Friday, August 27, 2010

Hotel on the Corner of Bitter and Sweet
by Jamie Ford

Published in 2009. 285 pages.

Jamie Ford's first novel explores the age-old conflicts between father and son, the beauty and sadness of what happened to Japanese Americans in the Seattle area during World War II, and the depths and longing of deep-heart love. An impressive, bitter, and sweet debut.

– Lisa See, author of Snow Flower and the Secret Fan

I read Hotel on the Corner of Bitter and Sweet with my book club in May. I had put the book on my to-read list in January when it was selected as a Salt Lake County Reader's Choice nominee, so I was happy to "have" to read it. Because my mother-in-law and her parents were interned in the camps during World War II, I am always interested in accounts of that regrettable part of American history. Two that I have particularly enjoyed are Snow Falling on Cedars and When the Emperor Was Divine. Hotel on the Corner of Bitter and Sweet is now another.

Despite the predictability of some aspects of the plot and a few anachronisms concerning the use of technology, I found Jamie Ford's writing to be lovely and heartfelt. Here are few of my favorite passages:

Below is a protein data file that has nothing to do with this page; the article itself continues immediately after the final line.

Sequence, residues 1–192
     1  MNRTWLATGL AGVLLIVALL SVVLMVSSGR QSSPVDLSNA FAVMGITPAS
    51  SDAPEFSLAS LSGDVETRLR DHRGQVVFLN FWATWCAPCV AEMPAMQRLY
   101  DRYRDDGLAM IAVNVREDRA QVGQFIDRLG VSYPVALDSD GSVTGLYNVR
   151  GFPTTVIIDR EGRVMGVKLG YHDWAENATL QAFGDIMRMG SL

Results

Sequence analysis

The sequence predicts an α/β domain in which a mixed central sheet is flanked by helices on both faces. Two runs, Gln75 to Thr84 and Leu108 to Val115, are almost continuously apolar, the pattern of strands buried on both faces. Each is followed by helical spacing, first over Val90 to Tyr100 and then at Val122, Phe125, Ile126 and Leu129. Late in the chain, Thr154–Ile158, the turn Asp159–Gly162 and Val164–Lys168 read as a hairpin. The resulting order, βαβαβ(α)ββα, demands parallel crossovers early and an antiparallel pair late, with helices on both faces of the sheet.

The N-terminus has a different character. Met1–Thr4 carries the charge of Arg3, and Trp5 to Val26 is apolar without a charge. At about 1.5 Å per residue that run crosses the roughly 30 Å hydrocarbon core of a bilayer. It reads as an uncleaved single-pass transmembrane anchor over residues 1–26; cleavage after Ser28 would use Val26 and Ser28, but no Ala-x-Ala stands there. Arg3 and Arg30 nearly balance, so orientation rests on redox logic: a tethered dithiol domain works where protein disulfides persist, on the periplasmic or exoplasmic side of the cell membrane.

School was out of the question for the day. The thought of being tardy and facing the ridicule of his classmates was almost as horrible as the thought of enduring their happiness - their joy and satisfaction at knowing that Keiko's family, and her whole neighborhood, were being taken away. All smiles. Victorious in their home-front battle with a hated enemy. Even if that enemy spoke the same language and had said the Pledge of Allegiance alongside them since kindergarten. [p. 136]
Like so many things Henry had wanted in life - like his father, his marriage, his life - it had arrived a little damaged. Imperfect. But he didn't care, this was all he'd wanted. Something to hope for, and he'd found it. It didn't matter what condition it was in. [p. 142]
Henry was learning that time apart has a way of creating distance - more than the mountains and time zone separating them. Real distance, the kind that makes you ache and stop wondering. Longing so bad that it begins to hurt to care so much. [p. 245}

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